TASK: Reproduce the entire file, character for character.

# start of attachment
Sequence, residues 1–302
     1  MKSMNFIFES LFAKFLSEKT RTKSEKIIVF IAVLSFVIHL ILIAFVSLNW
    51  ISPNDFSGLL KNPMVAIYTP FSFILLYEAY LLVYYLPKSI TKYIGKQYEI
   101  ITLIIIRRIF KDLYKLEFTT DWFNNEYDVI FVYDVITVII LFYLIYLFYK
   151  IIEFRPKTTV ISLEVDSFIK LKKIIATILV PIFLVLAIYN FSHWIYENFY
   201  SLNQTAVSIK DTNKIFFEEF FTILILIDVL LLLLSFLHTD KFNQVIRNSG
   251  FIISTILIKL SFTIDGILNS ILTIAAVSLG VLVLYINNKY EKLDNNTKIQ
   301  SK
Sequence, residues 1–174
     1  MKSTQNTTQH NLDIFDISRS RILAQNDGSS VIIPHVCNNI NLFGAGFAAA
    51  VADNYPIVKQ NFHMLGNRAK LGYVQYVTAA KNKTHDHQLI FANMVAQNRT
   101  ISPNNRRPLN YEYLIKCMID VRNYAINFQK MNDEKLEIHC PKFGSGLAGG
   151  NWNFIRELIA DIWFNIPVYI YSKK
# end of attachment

Sequence, residues 1–302
     1  MKSMNFIFES LFAKFLSEKT RTKSEKIIVF IAVLSFVIHL ILIAFVSLNW
    51  ISPNDFSGLL KNPMVAIYTP FSFILLYEAY LLVYYLPKSI TKYIGKQYEI
   101  ITLIIIRRIF KDLYKLEFTT DWFNNEYDVI FVYDVITVII LFYLIYLFYK
   151  IIEFRPKTTV ISLEVDSFIK LKKIIATILV PIFLVLAIYN FSHWIYENFY
   201  SLNQTAVSIK DTNKIFFEEF FTILILIDVL LLLLSFLHTD KFNQVIRNSG
   251  FIISTILIKL SFTIDGILNS ILTIAAVSLG VLVLYINNKY EKLDNNTKIQ
   301  SK
Sequence, residues 1–174
     1  MKSTQNTTQH NLDIFDISRS RILAQNDGSS VIIPHVCNNI NLFGAGFAAA
    51  VADNYPIVKQ NFHMLGNRAK LGYVQYVTAA KNKTHDHQLI FANMVAQNRT
   101  ISPNNRRPLN YEYLIKCMID VRNYAINFQK MNDEKLEIHC PKFGSGLAGG
   151  NWNFIRELIA DIWFNIPVYI YSKK